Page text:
Craig Spence: Are advertisers increasingly using disability to promote their products?

After this year's Super Bowl featured two adverts starring people with an impairment, the IPC's Director of Media and Communications, asks if a new trend is emerging. 04 Feb 2015
Amy Purdy Toyota

US para-snowboarder Amy Purdy is supported by Coca-Cola, Toyota and Kelloggs. She also featured in a Super Bowl spot for Toyota in 2015.

By Craig Spence

This is a question I've been asking myself a lot in recent months, especially after a flurry of commercials featuring leading para-athletes, para-sport and people with an impairment appeared on TV.

And, after seeing that two of the commercials that were aired during Sunday’s Super Bowl, starred people with an impairment, I think the answer is an overwhelming yes!

For those that didn’t see this year’s American Football finale - where 30 second adverts cost USD 4.5 million to air and are as talked about as the game itself - para-snowboarder and Sochi 2014 bronze medallist Amy Purdy featured in a spot for Toyota and youngster Braylon O’Neill in an ad for Microsoft titled “Empowering us all”.

Historically, advertising campaigns used to be the territory of supermodels, stars of film, TV or able-bodied sport, who were paid a handsome sum to endorse products via TV, radio and billboards.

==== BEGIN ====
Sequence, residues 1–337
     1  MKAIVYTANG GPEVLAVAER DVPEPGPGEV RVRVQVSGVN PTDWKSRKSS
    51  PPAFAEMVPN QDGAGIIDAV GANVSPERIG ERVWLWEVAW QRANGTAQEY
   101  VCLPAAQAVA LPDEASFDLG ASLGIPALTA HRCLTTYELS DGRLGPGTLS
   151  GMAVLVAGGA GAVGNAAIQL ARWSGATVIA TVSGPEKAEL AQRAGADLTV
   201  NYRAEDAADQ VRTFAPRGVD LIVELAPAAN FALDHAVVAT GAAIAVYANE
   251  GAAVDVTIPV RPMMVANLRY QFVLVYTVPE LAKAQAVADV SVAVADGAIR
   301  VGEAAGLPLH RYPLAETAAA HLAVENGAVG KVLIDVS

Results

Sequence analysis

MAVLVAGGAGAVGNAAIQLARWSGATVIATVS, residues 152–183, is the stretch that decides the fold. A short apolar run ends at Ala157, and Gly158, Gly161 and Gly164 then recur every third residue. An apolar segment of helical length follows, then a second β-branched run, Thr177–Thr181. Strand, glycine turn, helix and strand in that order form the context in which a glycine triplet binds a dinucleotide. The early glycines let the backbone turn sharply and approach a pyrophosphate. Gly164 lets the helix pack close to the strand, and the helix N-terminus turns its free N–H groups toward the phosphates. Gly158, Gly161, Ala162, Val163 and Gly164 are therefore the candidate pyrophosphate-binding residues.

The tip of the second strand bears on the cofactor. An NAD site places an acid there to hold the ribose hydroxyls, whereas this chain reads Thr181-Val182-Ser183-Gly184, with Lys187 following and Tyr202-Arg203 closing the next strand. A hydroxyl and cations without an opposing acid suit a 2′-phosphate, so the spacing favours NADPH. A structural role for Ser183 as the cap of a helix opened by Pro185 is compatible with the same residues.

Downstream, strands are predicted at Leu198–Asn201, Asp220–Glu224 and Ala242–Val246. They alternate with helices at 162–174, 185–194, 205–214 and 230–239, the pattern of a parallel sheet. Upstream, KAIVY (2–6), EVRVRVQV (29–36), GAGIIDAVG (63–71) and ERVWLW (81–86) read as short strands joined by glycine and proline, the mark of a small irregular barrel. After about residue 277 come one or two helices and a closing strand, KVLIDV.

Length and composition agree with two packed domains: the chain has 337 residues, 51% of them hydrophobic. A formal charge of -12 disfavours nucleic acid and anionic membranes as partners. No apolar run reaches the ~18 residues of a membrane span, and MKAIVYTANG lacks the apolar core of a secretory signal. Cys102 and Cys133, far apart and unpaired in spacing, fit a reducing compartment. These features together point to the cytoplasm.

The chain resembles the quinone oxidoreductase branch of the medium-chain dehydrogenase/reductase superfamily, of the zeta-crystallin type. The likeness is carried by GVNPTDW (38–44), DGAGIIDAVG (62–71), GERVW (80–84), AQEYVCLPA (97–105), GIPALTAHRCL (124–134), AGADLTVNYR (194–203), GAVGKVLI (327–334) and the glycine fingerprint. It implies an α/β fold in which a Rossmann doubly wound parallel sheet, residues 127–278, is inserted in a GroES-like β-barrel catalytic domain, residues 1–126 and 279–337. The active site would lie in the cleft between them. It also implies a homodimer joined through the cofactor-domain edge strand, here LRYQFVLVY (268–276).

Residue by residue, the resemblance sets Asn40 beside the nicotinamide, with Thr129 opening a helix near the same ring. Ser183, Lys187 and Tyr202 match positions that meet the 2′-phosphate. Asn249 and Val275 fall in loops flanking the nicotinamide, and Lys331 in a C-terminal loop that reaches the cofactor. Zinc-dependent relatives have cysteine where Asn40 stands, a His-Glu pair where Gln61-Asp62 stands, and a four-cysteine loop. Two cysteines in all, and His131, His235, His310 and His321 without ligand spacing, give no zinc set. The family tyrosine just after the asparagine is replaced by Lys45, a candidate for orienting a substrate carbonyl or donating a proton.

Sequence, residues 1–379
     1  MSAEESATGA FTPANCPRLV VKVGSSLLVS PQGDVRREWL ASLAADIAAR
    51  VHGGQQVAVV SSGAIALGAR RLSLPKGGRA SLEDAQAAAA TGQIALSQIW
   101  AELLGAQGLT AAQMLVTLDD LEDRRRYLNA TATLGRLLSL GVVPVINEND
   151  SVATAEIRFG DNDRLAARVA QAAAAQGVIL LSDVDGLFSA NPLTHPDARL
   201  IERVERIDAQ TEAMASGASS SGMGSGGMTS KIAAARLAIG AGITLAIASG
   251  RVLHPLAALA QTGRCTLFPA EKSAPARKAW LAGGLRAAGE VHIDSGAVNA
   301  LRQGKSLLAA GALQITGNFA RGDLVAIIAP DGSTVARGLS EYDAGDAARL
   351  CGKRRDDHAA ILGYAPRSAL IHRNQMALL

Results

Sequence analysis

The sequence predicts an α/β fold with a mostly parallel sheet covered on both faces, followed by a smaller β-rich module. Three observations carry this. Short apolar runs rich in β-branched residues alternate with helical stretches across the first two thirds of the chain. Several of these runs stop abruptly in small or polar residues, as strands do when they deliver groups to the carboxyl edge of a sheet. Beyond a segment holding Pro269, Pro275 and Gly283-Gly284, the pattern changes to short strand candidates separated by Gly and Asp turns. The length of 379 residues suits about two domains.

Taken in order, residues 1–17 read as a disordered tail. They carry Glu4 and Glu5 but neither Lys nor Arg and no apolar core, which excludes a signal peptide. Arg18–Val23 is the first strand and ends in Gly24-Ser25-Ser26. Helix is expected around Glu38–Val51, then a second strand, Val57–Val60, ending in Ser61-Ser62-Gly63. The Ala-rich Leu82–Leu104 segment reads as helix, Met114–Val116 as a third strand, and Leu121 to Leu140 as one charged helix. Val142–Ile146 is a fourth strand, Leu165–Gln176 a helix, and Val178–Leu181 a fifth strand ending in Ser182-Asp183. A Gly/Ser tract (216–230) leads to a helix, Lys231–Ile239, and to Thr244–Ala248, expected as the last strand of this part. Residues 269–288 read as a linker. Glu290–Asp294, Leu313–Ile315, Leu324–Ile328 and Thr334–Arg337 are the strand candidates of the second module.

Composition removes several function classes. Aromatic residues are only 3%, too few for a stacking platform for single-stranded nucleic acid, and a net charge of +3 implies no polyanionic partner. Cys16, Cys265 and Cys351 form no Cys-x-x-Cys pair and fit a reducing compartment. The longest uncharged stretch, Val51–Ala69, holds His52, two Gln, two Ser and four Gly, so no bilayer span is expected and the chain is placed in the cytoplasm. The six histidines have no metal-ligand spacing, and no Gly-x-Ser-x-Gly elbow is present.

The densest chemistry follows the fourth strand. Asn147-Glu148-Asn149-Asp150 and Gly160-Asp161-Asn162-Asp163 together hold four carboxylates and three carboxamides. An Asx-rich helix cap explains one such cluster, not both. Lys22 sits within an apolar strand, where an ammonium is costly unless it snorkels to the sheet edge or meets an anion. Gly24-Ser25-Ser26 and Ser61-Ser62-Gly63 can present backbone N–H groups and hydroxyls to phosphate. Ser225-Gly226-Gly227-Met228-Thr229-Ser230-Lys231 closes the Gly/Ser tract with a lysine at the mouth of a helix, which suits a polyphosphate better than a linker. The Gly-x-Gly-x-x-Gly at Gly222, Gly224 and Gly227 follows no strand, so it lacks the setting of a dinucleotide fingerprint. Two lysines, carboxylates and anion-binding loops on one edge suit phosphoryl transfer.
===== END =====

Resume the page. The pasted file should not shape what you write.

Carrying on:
The only real exception was Aimee Mullins, a US athlete who competed in Atlanta in 1996, who went on to become a fashion model and global ambassador for L’Oreal.

So what has acted as this catalyst that has led to an increase in commercials featuring people with a disability?

Firstly London 2012, the best Paralympic Games ever, created a seismic shift of attitudes towards people with an impairment around the world.

I remember in the lead-up to the Games, research from British broadcaster Channel 4 said that one reason people were reluctant to watch Paralympic sport was because they felt uncomfortable watching athletes run on blades or smash into each other in wheelchairs.

I confess my lovely mum was one of them who used to get so squeamish watching blade runners that she’d cover her eyes.

London 2012 changed all that though.

My mum attended the Games and by the Closing Ceremony was Paralympic sport’s biggest fan, who appreciated that running blades or wheelchair basketball chairs were just another piece of sports equipment, just like a pair of football boots in a Premier League match.

Her focus switched from the equipment and the impairment to the amazing abilities of the athletes, and I know she was not alone. Millions of others experienced the same switch too.

Thanks to London 2012, Paralympic sport is now seen as sport, high performance sport that is practiced by some of the world’s best athletes.

London 2012 also helped encourage large corporations to realise the benefits of aligning their brand with para-athletes and para-sport.

Samsung were one of the first to do so with their “Sport Doesn’t Care” campaign for London 2012 which, to this day, is still one of my favourites, making the hairs on the back of my neck stand up each time I see it.

For me it shows the whole essence of para-sport - the intense training regimes, attention to detail that goes into producing the best possible performance and the desire to win, not just from the athletes but also the coaches too.